Kris and I took Bella and Annie for a walk tonight. When we're short for time, or just lazy, we'll take them up to the school and let them run around the big field. They get to run around, we get to walk and talk: a big win all around.
Well, on this walk, Bella stopped at one point, and started chowing down on some cat poop. I have no idea why this dog likes eating cat poop  (a google search answered that question quickly), but it annoys me to no end. I can't stand the shit-breath she has when she's done.
So, on the leash Bella goes, and we start walking home.
90% of the way home, Bella stops. Figuring she's just peeing, I keep walking. When the leash goes taut, and she resists, I realize something's up. When I look, she's eating more cat poop. I made the mistake of thinking it would be solid, and that I could just knock it out of her mouth: I stuck my gloved fingers into her mouth and tried to flick the poop out.
Big mistake.My fingers come out covered in cat poop. And I'm angry now. I'm angry that this stupid dog ate cat shit not once, but twice. I'm angry that I now have cat poop on my gloves (ones my mom gave me a long while ago!). I'm angry that her breath smells of cat shit and she's giving me a shit-eating grin while still chewing. So, I did what any angry, shit-gloved, beagle-dragging woman would do.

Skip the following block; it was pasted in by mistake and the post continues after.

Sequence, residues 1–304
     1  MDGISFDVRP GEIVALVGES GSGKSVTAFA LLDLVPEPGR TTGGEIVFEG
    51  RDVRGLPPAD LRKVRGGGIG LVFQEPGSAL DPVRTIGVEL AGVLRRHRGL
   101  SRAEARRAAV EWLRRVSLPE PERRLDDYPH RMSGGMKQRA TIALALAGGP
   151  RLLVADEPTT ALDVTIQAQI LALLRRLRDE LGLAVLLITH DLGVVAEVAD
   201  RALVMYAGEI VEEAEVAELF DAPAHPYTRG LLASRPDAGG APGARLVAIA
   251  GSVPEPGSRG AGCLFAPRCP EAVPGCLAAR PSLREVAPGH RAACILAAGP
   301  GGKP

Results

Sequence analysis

I wiped my gloves on the dog.
Just as I was reaching down, somewhere in the fog of my anger, I heard Kris call out, "Not on the dog! Ewwwww!"
I really must listen to him more. I ended up dragging Bella home (mostly literal, she heeled very well for those last 150 yards), plunking her in the shower and giving her a bath. Did I mention she hates baths? She smells nice now. She also got a greenie. Stinky breath dog.
A behavior that is very common in dogs but not well understood is the eating of feces. Technically this is known as coprophagia. When given the chance, many dogs will eat the feces of other animals such as horses, deer and house cats. Raiding the litterbox is a common activity for dogs in households with cats. The behavior may be derived from the carnivorous (meat-eating) heritage of our pets. Carnivores frequently eat the internal organs and stomach contents (including poop) of the animals that they kill. As a result, eating the feces of other animals may be a normal extension of their carnivore behavior. There may be proteins and other nutrients in the feces that are eaten.